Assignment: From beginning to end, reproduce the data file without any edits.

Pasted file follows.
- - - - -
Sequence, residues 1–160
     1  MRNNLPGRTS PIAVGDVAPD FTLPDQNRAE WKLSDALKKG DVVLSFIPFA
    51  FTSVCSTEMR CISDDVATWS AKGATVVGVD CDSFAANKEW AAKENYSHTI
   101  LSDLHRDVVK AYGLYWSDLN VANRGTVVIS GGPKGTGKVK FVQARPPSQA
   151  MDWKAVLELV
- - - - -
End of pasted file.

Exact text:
Sequence, residues 1–160
     1  MRNNLPGRTS PIAVGDVAPD FTLPDQNRAE WKLSDALKKG DVVLSFIPFA
    51  FTSVCSTEMR CISDDVATWS AKGATVVGVD CDSFAANKEW AAKENYSHTI
   101  LSDLHRDVVK AYGLYWSDLN VANRGTVVIS GGPKGTGKVK FVQARPPSQA
   151  MDWKAVLELV